just finished planking my first hull (35cm Racing Sparrow as a small practice boat for planking) and just want to check one thing before attempting a larger hull.

On some of the planks with the more extreme angles towards the finish, I needed to sand the planks into a sort of triangular arrow-head shape to fit between the adjacent planks to get a smooth finish.

Is this acceptable, or have I done something incorrect? I’m not sure whether it’s just an issue of how small the boat is so the angles are so tight versus the relatively large width of the plank?

Any clarity is greatly appreciated.

Nope, you haven’t done anything wrong. Sometimes the planks need to be cut like that, depending on how you decide to run the planks and the shape of the hull. I can’t find the web page that showed various planking formats, but with a little fore-thought, you can minimize all those long tapered cuts. But they will always be some.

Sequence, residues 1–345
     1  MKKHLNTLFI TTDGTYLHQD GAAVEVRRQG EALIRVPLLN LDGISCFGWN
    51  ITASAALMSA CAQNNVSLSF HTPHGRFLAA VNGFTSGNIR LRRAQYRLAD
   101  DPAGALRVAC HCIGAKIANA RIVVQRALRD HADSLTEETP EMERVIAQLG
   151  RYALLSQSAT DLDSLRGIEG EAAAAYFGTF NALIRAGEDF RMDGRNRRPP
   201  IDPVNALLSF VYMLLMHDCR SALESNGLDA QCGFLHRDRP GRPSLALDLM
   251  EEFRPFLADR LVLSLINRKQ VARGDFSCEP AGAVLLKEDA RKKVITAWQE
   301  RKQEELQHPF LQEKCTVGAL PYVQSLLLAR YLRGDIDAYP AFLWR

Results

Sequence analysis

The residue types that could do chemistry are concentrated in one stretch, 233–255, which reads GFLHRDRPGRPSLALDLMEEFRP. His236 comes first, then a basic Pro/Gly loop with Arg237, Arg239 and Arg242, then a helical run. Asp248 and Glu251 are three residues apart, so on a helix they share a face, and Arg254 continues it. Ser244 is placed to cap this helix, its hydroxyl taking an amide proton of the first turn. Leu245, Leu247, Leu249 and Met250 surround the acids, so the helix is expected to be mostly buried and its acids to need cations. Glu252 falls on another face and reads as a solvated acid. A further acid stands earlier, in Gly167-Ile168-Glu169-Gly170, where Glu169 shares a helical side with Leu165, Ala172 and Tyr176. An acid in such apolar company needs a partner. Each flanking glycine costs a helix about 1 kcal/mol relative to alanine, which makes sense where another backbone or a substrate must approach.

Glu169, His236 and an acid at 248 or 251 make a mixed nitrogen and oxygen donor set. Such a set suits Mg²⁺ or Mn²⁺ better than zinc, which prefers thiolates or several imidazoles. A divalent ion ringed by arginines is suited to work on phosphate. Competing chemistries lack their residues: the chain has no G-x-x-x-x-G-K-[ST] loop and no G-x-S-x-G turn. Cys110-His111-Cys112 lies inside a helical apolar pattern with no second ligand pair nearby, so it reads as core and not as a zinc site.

I’ve been looking at photo’s of planking in progress and already spotted somethings I can improve on. I’ll try searching for that site ( I did try though before posting, promise )

I searched also, even in my browser history, and I can’t find that web page I saw a while ago. Odd.

There are several photo sequences of planking at On the "A Boat Build’ page and “Schooner Build” page.


Thanks :slight_smile:

I built a sparrow to 65cm size for RG65… and I had the same experience.
Having to sand the planks like you describe is just how things end up with that kind of hull shape because of how the planks twist around the hull. It’s not as bad on a bigger boat as it is on a smaller one.

There are ways you could shape the planks to aviod the twisting that forces you to sand the planks that way, but I really think it’s not worth doing that – I just use slightly thicker planking where that kind of twisting will happen and then I happily go ahead and sand it into shape. My first r/c sailboat build was a 36" Soling built that way and it’s still doing fine after over 30 years. I wouldn’t worry about it.